Should I Sell My Grandfather’s Stamp Collection?

Photo credit: dschmieding, CC BY 2.0.

My grandfather’s stamp collection is in an old green album with a tattered spine; “Paragon Stamp Album” and a picture of a globe are embossed on the front. On the inside cover, my grandfather has written his name and March 8, 1937 (his twelfth birthday) and carefully marked his hometown, Timmins, on the philatelic (that is, stamp) map of the world. You can tell it’s old because fully one third of Africa is labelled “Sudan,” the Union of Soviet Socialist Republics still exists, and Newfoundland is labelled separately (they didn’t join Canada as a province until 1949).

The collection usually sits on a shelf, wedged between my own childhood stamp collection and binders full of old course notes. Not exactly gathering dust, but I look through it about as often as I do those old notes (reminder to self: recycle old course notes).

The question is: should I keep it—or should I sell it?

My wife and I have been watching a lot of Antiques Roadshow (the British version) recently. For two middle-class white academics, a Canadian (me) and a Brit (her), it’s an ideal combination of calm and interesting. The show has a predictable structure and beloved characters seldom die. Although the demographics of the show (white and over fifty) don’t match that of her old West London neighborhood (not white and of all ages), she likes to hear the familiar accents.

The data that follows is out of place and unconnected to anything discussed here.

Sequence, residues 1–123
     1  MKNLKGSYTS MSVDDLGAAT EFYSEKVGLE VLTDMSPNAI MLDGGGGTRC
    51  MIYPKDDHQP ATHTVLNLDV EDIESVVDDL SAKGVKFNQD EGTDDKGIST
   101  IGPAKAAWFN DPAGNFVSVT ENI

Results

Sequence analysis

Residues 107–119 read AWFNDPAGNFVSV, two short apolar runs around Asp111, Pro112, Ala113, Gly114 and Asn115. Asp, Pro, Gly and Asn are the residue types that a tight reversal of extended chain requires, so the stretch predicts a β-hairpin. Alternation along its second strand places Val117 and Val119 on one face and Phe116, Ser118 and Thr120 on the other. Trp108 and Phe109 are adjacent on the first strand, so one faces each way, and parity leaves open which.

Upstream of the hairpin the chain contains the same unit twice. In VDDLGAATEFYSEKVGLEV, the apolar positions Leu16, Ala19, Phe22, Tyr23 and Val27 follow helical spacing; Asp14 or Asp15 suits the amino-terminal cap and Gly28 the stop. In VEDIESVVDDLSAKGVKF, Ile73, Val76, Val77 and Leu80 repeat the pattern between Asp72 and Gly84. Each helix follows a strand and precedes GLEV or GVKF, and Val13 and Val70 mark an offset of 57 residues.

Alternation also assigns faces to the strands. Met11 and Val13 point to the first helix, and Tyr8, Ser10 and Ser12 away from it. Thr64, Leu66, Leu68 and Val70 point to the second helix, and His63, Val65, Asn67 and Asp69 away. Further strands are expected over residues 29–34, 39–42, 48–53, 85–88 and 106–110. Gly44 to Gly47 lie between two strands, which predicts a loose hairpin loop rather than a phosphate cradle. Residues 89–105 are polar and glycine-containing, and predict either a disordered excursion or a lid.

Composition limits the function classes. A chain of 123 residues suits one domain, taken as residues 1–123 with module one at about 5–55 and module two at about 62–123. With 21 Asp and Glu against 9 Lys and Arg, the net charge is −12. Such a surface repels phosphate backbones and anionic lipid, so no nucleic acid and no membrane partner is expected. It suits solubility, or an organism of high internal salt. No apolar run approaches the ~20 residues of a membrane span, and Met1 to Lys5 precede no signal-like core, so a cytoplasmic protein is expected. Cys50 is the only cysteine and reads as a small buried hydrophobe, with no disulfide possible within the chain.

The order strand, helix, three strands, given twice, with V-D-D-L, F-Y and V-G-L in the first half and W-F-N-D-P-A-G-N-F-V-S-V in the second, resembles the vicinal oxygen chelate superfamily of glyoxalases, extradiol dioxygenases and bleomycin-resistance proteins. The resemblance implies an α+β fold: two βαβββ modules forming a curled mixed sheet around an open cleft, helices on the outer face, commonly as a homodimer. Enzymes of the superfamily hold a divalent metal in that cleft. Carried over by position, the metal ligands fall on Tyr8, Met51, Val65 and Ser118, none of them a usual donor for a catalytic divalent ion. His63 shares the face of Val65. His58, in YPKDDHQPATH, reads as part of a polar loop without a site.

For those of you who have never seen the show, it is the ultimate encapsulation of a certain version of British Heritage. Each episode is held on the grounds of a different historic estate or National Trust property. Fiona Bruce, the current host, informs us of some of the history of the location (did Queen Elizabeth ever visit?) and then the fun begins. By “fun,” I mean watching experts tell civilians historical details about the objects they’ve brought for evaluation before revealing how valuable they are. Are they, perhaps, the finest example of a British-made clock this expert has ever seen? I’m told that in the American version of the show these valuations are sometimes severe disappointments, but in the British version they are always pleasant surprises.

For instance, in a recent episode an older white woman brought in a white jade container her godmother had used as a butter dish and which she had now inherited, knowing nothing about its provenance. The expert, bearded and full of knowledge, revealed that it was an eighteenth-century container, one of many made for the Emperor of China, which probably made its way to the U.K. after being looted from the Summer Palace by either the British or the French. Despite the fact that the container was missing a top, the expert estimated it was worth about thirty to fifty thousand pounds.  

This is the point where, if you are playing an Antiques Roadshow drinking game, you hope the owner will say “Oh, but I could never sell it. It will stay in the family.”

Could I ever sell it? When I open my grandfather’s stamp album to browse the pages, I think not. My grandfather didn’t make the book; he just added the stamps. It’s not objectively useful. But my grandfather died about fifteen years ago, and I loved him and miss him.

Anthropologist Sasha Newell, in a study of hoarding in the United States, has written that maybe we store memories in objects; that we see them as “a kind of analog hard drive.” The stamp collection stores memories of the grandfather I knew—like the card full of loose stamps, with the note in his handwriting telling me that he hopes I find stamp collecting interesting and rewarding.

But the stamp collection also stores memories beyond my own, including both family and national histories.